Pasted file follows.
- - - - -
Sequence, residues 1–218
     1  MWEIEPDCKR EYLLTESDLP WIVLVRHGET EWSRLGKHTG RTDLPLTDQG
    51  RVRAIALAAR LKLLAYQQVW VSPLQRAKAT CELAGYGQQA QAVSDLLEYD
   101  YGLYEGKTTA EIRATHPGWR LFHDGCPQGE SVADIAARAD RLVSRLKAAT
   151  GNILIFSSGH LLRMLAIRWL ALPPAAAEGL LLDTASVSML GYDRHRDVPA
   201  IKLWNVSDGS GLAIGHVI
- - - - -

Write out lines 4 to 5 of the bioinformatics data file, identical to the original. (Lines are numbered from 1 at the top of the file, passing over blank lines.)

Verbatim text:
   101  YGLYEGKTTA EIRATHPGWR LFHDGCPQGE SVADIAARAD RLVSRLKAAT
   151  GNILIFSSGH LLRMLAIRWL ALPPAAAEGL LLDTASVSML GYDRHRDVPA